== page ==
It still proved to be a headache for the tens of thousands of customers still in the dark from the earlier storm — and for the crews trying to restore power to them. Eversource, an electric utility serving Massachusetts, Connecticut and New Hampshire, said it could take several days to restore power for everyone due partly to the challenge of clearing storm debris and repairing damage.
Massachusetts was hardest hit by outages, with more than 345,000 utility customers losing service Thursday. Republican Gov. Charlie Baker shut down all non-essential state offices.
In Maine, Republican Gov. Paul LePage also closed state offices and encouraged residents to stay off roads “unless it is an absolute emergency.”
In New Jersey, the state’s major utilities reported more than 247,000 customers without power a day after the storm.
An 88-year-old woman in the New York City suburb of Suffern was crushed to death by a tree that fell as she shoveled snow Wednesday afternoon, Police Chief Clarke Osborn old the Journal News.
In North White Plains, New York, 10 people were taken to hospitals with symptoms of carbon monoxide poisoning after running a generator inside a home, police said. All were expected to survive.
In Manchester Township, New Jersey, police said a teacher was struck by lightning while holding an umbrella on bus duty outside a school. The woman felt a tingling sensation but didn’t lose consciousness. She was taken to a hospital with minor injuries.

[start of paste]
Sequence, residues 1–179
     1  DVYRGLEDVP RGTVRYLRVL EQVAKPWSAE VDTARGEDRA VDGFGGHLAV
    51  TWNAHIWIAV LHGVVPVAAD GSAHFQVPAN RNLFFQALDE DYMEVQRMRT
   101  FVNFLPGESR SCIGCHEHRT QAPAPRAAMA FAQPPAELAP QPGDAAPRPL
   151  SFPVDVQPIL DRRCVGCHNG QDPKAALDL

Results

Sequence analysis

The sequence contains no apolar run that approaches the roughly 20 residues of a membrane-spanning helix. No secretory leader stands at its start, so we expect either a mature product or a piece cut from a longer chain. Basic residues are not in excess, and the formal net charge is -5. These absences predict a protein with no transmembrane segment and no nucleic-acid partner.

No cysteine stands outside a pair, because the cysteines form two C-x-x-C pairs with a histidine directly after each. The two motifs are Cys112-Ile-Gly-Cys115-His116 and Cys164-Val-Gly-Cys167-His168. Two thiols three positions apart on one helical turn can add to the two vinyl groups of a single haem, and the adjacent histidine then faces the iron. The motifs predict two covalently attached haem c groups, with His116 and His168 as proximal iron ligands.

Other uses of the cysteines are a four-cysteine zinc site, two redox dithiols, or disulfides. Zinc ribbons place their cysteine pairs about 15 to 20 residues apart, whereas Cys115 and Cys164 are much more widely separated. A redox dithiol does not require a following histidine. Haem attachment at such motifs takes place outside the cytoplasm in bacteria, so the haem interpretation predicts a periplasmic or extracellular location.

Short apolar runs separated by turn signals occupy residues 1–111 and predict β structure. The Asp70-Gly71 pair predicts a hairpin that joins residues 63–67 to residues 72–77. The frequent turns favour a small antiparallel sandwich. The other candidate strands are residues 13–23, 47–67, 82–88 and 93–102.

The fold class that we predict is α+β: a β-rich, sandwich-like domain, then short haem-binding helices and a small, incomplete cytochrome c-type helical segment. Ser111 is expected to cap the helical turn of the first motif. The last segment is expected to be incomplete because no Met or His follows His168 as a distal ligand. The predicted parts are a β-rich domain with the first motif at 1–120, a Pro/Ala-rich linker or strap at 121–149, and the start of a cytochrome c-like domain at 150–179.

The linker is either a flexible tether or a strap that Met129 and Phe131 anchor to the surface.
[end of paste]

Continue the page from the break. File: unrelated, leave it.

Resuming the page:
At least 161 dead in northeast Congo in apparent ethnic clashes

Updated 12 min 39 sec ago
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At least 161 dead in northeast Congo in apparent ethnic clashes

  • A series of attacks in Ituri province has mostly targeted Hema herders, who have long been in conflict with Lendu farmers over grazing rights and political representation
  • Open conflict between Hema and Lendu from 1999-2007 resulted in an estimated 50,000 deaths in one of the bloodiest chapters of a civil war in eastern Congo

GOMA, Democratic Republic of Congo: At least 161 people have been killed in a northeastern province of Democratic Republic of Congo in the past week, local officials said on Monday, in an apparent resurgence of ethnic clashes between farming and herding communities.